I could hear and catch some glimpses of Swainson’s thrushes, but no pictures today, and I don’t think I caught even a glimpse of a warbler or vireo. Maybe the winds were favorable last night, and they all took the train south while the going was good.
Happily for us, some of the coolest sights are stationary, and here’s one of them. These appear to be sulphur shelf or chicken of the woods mushrooms (Laetiporus sulphureus), but please don’t eat them based just on my opinion! They’re big, too. Each semicircle is about six inches across, or more.
Lastly, as you probably realize by now, I’m a sucker for New England aster, and the honeybee on this one made it darn near irresistible.
Well, the forecast is for showers tomorrow morning, so maybe my alarm clock will play a different tune. We’ll see soon enough.
Wow! Our luck with this beautiful weather just keeps holding. No matter what Billie Joe Armstrong says, I’m glad I’m not sleeping through this September.
I did sleep a little extra this morning, though, and by the time I got to the pond, there were already two guys taking pictures of the wood ducks on the west lawn, so I said good morning to the young night-heron on the east side and moved on to the river.
On my way, I spotted this little character who was wondering if I was really gonna take yet another squirrel picture, but who could resist that face, so yes, I did.
As I got to the water, I was greeted by another little cutie, this red-eyed vireo hopping around a willow tree hanging over the water.
Out on the water, one of the hooded mergansers was still here and taking a break from hunting crayfish at the moment.
But this wood duck hen was busy feasting on the latest fly hatch that was all over the water surface.
But wait. There’s more! The trees along the river were really alive this morning, and this female American redstart was contributing her splashes of color to the show.
Back out on the water, a pair of Canada geese were repeatedly dipping their heads into the water as they circled each other. If it were March or April, I’d have expected them to take it to the next level. I wonder if the pair with three good wings between them, who were also there this morning, looked on and reminisced about when they were young.
Meanwhile, more wood duck drakes in all their finery are showing up.
And a blue heron was watching it all from the island.
As I headed south, I spotted another little bird in a tree hanging out over the water, and upon closer inspection, it turned out to be a goldfinch, of which we’ve seen plenty lately. There were a few of them, however, and they all seemed to be heading to the ground, so I followed them to this surprising little scene.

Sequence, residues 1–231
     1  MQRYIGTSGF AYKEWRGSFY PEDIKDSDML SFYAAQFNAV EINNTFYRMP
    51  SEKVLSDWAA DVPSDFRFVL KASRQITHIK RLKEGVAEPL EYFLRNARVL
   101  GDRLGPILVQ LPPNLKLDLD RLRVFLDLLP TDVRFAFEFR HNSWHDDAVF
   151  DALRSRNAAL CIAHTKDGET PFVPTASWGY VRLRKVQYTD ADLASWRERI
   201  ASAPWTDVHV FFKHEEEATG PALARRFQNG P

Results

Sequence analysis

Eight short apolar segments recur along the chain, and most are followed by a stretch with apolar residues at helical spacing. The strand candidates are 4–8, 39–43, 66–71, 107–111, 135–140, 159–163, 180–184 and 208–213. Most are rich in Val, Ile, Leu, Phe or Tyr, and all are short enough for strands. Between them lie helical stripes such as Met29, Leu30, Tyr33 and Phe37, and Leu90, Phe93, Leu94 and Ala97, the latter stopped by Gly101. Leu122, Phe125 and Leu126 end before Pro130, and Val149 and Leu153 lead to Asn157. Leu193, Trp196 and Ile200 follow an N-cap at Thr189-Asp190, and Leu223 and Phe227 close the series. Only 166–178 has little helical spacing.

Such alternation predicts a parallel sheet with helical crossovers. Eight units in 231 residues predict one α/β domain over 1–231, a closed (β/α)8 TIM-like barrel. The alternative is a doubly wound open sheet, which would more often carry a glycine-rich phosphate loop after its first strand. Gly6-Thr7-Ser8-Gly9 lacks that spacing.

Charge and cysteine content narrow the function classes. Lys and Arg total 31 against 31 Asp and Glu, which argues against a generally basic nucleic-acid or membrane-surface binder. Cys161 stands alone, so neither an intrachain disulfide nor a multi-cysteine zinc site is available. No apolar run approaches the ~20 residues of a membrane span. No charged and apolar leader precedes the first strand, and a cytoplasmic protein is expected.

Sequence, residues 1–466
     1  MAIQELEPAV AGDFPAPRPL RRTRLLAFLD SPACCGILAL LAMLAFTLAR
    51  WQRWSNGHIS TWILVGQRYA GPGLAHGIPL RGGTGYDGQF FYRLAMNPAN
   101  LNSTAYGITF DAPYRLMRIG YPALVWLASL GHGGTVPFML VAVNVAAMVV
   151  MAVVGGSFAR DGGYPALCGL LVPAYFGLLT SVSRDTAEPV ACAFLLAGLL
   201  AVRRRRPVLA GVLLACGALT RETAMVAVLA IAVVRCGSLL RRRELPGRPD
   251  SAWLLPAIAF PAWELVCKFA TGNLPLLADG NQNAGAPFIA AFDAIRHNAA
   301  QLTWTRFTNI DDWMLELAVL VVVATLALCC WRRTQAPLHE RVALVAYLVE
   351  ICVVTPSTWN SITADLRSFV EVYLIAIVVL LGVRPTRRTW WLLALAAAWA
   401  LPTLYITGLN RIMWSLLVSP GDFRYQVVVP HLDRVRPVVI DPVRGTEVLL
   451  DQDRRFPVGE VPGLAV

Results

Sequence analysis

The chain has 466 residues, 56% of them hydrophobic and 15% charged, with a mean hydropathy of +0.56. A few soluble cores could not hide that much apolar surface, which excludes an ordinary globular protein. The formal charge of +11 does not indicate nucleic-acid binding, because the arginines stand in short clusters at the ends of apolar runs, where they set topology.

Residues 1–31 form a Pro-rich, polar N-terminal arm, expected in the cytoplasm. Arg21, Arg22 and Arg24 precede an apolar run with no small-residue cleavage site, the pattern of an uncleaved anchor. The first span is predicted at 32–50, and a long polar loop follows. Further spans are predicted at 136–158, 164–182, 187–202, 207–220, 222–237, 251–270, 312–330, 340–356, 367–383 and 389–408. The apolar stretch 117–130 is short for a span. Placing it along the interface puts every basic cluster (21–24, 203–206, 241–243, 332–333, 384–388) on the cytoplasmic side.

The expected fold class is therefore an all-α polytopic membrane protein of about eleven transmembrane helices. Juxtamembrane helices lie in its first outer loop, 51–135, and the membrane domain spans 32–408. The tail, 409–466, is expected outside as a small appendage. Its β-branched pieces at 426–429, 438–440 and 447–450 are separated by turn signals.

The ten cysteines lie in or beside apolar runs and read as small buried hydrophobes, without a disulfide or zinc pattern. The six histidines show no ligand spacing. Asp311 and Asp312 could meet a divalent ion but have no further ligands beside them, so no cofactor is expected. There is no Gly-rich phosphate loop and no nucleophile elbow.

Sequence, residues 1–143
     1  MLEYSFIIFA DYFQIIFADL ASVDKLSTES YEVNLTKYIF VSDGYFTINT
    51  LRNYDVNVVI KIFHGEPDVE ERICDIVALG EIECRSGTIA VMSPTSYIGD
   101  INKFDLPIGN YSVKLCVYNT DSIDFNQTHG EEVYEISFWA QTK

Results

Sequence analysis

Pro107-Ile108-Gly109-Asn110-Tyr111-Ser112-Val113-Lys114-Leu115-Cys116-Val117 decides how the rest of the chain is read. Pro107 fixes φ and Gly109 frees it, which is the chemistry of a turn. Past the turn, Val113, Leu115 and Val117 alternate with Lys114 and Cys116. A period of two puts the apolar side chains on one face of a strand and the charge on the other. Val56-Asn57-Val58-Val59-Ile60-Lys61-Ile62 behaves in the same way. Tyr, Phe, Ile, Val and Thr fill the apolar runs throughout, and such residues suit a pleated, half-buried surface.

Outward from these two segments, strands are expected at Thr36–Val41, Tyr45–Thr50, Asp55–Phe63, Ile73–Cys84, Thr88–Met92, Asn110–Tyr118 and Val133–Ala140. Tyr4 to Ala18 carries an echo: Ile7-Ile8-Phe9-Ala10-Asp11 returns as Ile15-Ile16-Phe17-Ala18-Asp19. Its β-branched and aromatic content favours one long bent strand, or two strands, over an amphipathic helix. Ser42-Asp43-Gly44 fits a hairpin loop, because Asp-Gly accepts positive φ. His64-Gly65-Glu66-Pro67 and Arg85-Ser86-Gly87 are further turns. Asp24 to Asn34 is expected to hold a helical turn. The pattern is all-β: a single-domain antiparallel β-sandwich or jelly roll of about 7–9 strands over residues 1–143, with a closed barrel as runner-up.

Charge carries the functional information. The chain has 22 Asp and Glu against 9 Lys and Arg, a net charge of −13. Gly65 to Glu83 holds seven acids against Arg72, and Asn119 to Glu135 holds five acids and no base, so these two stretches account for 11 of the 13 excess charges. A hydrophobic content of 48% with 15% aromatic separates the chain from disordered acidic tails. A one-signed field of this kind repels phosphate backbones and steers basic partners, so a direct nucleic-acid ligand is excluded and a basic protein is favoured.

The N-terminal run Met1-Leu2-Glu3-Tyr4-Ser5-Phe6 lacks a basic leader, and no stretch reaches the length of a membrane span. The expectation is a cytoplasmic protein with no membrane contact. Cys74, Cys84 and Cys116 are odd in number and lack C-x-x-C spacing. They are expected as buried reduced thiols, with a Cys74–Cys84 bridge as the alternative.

I don’t know what they were after exactly, but I counted nine of them down on the mud, and they didn’t startle as I would have expected, so they must have been after something important. I hope nobody lost their keys.
One of them even had on a leg band! You can see it in the lower left of the image below. Wild, huh? That is a definite first for me.
Finally, I could hear plenty of woodpeckers working in the trees above, and here sharp-looking hairy one.
Lastly, the asters continue their pageant of colors, and here’s a bumble bee on a pretty, little, white one.
The beautiful weather continues in Estabrook today, and more asters continue to open throughout the park, so I hope you get a chance to visit.
When I arrived this morning, things were a little quieter than last time at the pond, with 7-8 wood ducks, one green heron, one young night heron, but no blue herons, mallards, or fancy wood duck drakes.
Here’s the green heron showing off what a strong grip it has.
Here’s the young night-heron with its eyes almost wide open for a change.
And here’s the green heron again sporting a completely different look.
I didn’t see anyone else around, so I headed to the river and found out why there were no blue herons on the pond. I counted at least four on the river this morning, and here’s a young one trying its luck at the falls.
Here’s a mature one taking a break on a sandbar at the north end.
While I was looking for a third one that I had seen from afar, this little wren caught my attention with its distinctive raspy call.
I never did get a better look at that third blue heron, but on my way south, I caught a glimpse of this pretty little warbler, and the white eye ring, light yellow belly, grayish back, and lack of wing bars make me think it’s a female or immature Nashville warbler.
By the time I got back to the falls, our young blue heron had come across to the east side, which gives us a chance to take a closer look at that big bill it has.